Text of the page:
Ionization energy

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Lily Mohtashami
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Joined: Wed Sep 30, 2020 9:34 pm

Ionization energy

Postby Lily Mohtashami » Sun Nov 01, 2020 5:47 pm

Can someone explain why Oxygen has a lower first ionization energy than fluorine and nitrogen and what first ionization energy tells you?

Chance Herbert 3A
Posts: 61
Joined: Wed Sep 30, 2020 9:55 pm

Re: Ionization energy

Postby Chance Herbert 3A » Sun Nov 01, 2020 5:56 pm

The first ionization energy is the amount of energy required to remove the first valence electron. This will vary depending upon the depending on the magnitude of electrostatic attraction towards the nucleus. Oxygen has a greater degree of electron-electron repulsion in its subshell than Nitrogen (2p^4 vs 2p^3) which results in a lesser center seeking force. Fluorine has a greater amount of attractive protons which would in turn make it more difficult to remove an electron (greater attraction evidenced by smaller atomic radius).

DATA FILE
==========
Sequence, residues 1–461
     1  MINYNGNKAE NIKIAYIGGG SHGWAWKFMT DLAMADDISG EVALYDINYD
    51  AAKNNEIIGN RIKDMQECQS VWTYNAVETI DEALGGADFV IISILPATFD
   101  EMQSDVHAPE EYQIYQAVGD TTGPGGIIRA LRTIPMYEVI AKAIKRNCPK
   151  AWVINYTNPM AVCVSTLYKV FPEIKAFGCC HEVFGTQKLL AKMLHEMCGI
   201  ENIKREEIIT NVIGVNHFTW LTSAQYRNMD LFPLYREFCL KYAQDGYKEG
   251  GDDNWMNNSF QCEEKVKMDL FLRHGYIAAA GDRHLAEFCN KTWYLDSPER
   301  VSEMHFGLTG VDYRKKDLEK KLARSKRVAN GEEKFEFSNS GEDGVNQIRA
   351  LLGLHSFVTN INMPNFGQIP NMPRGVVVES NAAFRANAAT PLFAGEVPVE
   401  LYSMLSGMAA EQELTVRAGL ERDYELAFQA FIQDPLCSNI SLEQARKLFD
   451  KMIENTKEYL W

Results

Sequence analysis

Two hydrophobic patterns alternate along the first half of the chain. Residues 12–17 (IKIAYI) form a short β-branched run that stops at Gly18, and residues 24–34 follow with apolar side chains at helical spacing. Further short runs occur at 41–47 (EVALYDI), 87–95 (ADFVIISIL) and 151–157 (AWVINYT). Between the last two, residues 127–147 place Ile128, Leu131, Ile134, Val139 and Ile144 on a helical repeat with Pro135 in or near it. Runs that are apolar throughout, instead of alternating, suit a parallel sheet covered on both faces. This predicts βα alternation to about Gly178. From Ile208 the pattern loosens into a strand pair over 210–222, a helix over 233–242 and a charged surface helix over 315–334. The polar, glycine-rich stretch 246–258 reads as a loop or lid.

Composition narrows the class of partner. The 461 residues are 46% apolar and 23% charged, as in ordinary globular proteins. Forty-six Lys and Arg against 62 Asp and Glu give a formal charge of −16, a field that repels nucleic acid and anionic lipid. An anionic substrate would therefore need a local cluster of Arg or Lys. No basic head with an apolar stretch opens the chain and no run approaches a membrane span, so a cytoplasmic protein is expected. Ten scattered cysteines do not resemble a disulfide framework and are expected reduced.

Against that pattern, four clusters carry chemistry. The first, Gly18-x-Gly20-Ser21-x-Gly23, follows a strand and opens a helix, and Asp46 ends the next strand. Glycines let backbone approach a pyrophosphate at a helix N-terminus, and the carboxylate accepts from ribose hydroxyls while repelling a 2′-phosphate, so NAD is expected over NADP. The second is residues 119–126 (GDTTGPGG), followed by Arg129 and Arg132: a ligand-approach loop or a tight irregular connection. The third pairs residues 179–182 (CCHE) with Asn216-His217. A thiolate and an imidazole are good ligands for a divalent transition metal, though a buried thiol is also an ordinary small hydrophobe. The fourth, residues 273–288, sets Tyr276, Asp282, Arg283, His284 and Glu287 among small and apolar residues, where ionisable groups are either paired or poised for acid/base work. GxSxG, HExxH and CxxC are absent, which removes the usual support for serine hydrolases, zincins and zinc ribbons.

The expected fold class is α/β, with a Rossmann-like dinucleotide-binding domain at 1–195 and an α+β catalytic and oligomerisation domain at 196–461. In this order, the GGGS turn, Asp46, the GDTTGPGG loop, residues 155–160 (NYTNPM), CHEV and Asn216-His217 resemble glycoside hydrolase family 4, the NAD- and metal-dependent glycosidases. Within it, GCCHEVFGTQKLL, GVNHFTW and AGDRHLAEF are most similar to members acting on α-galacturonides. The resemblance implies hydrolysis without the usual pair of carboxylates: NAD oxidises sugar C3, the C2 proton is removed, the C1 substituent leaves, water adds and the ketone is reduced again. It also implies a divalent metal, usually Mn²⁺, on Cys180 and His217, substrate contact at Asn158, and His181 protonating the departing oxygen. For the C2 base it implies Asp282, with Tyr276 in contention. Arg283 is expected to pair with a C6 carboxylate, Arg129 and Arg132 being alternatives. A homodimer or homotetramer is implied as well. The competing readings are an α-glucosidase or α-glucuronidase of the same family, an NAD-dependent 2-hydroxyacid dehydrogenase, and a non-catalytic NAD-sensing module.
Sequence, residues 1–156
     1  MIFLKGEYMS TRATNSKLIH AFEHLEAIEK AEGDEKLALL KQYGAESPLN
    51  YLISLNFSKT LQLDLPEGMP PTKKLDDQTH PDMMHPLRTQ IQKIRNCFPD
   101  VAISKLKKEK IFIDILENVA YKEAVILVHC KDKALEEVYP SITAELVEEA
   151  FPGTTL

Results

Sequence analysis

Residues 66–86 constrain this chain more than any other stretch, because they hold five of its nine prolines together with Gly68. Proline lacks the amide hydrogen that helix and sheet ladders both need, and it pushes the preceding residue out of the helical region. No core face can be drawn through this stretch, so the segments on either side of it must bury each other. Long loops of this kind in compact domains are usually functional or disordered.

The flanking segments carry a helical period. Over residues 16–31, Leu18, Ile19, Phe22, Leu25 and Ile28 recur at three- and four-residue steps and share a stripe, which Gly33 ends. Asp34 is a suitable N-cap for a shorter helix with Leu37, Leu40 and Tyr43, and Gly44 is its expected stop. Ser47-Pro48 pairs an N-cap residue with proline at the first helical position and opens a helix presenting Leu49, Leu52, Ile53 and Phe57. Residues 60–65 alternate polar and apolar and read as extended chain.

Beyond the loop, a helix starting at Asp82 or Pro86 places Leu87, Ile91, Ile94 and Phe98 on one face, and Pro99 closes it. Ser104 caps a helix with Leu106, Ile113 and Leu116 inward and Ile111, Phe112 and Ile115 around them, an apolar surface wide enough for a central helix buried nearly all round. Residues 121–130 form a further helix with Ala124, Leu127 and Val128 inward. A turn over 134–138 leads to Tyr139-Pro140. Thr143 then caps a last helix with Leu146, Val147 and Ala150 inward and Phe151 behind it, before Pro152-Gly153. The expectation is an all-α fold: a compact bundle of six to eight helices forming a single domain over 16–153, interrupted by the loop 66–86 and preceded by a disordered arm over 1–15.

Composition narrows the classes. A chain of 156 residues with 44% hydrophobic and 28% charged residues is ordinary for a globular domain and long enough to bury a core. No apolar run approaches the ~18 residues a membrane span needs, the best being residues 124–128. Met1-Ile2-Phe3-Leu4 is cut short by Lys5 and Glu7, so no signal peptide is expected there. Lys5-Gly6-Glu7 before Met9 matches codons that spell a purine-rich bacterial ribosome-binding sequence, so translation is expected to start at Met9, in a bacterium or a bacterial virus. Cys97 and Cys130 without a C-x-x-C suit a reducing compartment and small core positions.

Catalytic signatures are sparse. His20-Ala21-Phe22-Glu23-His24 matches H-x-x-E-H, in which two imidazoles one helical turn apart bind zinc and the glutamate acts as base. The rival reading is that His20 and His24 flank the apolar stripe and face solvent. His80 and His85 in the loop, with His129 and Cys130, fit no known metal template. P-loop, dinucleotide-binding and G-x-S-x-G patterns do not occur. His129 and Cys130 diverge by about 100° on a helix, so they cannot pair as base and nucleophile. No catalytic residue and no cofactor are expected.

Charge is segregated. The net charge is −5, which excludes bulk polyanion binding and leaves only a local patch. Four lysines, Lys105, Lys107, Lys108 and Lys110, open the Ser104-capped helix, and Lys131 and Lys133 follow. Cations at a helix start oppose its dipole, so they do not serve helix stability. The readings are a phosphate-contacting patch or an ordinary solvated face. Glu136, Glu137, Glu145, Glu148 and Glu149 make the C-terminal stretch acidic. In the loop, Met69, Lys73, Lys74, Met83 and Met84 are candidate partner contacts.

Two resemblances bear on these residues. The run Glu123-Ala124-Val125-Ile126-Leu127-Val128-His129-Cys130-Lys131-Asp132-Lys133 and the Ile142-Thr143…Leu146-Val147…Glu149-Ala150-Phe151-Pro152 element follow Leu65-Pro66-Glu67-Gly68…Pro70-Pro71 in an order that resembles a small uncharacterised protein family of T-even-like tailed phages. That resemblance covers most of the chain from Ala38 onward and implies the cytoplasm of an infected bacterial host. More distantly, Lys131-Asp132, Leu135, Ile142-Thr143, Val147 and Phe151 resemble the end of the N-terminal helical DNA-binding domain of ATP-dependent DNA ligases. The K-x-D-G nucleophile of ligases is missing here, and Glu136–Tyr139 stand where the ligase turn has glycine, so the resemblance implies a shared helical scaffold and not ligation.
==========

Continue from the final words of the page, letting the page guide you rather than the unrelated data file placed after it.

Last edited by Chance Herbert 3A on Sun Nov 01, 2020 5:58 pm, edited 1 time in total.

Posts: 61
Joined: Wed Sep 30, 2020 10:08 pm

Re: Ionization energy

Postby 705340227 » Sun Nov 01, 2020 5:58 pm

There is some electron-electron repulsion between the spin up and spin down electrons. Nitrogen does not have any spin up/down pairs in its outermost shell but oxygen does. This causes some electron-electron repulsion in oxygen so it is easier to remove an electron in oxygen than nitrogen. Ionization energy increases across a period so oxygen has a lower ionization energy than fluorine because of this fact.

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